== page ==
'Survivor: Redemption Island': Good Riddance to Bad Russell
'Survivor: Redemption Island': Good Riddance to Bad Russell
John Kubicek
John Kubicek
Senior Writer, BuddyTV
For the first time in Survivor history, arch-villain Russell Hantz was eliminated from the game last night. After being voted out by his tribe last week after making it to the finale on his first two appearances, Russell lost the Redemption Island duel with God-loving Matt Elrod, becoming the second person of the season to be officially eliminated.

And it couldn't have come soon enough.

Read My Recap of Russell's Elimination>>

While some people, even Jeff Probst at Tribal Council, criticized Zapatera for throwing a competition in order to vote out Russell, it was actually one of the best moves they could've made. You might think that having more tribe members going into a merge is a good idea, but if three of those people (Russell and his two acolytes, Stephanie and Krista) are on their own, odds are they'd turn on their tribe after the merge. If you want to make it to the finale, why on Earth would you keep someone who would most likely take up one of those spots?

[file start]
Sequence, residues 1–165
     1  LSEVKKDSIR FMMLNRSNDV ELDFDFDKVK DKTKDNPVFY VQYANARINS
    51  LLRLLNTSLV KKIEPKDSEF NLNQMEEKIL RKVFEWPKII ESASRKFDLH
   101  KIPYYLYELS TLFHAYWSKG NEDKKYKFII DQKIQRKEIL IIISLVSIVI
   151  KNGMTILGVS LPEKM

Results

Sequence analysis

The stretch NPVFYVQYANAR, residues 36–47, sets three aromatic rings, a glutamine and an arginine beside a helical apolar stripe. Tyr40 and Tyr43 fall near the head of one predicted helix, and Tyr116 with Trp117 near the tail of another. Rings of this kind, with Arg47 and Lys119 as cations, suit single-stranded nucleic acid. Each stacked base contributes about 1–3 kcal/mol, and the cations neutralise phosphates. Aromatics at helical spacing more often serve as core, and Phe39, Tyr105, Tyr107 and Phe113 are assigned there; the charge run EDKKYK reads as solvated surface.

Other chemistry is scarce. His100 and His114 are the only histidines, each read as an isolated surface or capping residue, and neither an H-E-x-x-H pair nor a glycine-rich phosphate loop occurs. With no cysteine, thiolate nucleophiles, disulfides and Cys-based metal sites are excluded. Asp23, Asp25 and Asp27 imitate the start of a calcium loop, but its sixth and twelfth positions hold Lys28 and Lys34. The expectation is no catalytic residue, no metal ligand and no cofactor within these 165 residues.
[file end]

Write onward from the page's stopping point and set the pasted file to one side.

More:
Even though Zapatera was smart to boot Russell, Ralph proved himself to be as stupid as Russell said he was when he bladed about having the immunity idol during the duel. That's the kind of amateur mistake Boston Rob is always talking about.

Now you might think me hypocritical for praising one tribe for getting rid of Russell while I actively root for Boston Rob. They've both already had their chances at winning, so why do either of them deserve another shot?

My argument is that Russell getting another chance is not the reason I'm glad he's gone. He came into this season and tried using the exact same strategy as before, putting all his faith in finding an immunity idol and teaming up with two women. Fool me once, shame on you. Fool me twice, shame on me. But fool me three times? I don't think so. Zapatera wasn't about to let history repeat itself yet again, so Russell's downfall was his inability to adapt.

Albert Einstein's definition of insanity is doing the same thing over and over again, expecting different results. While he may have made the finale twice, Russell has never won, so why would he keep using a failing strategy? That's the kind of foolish mistake that makes me happy to see him gone.

Luckily for all of us, Russell announced, through tears after being eliminated, that this was his last time on Survivor. I only hope he's telling the truth, because, just like baseball, this show should operate by a strict three strikes policy.

(Image courtesy of CBS)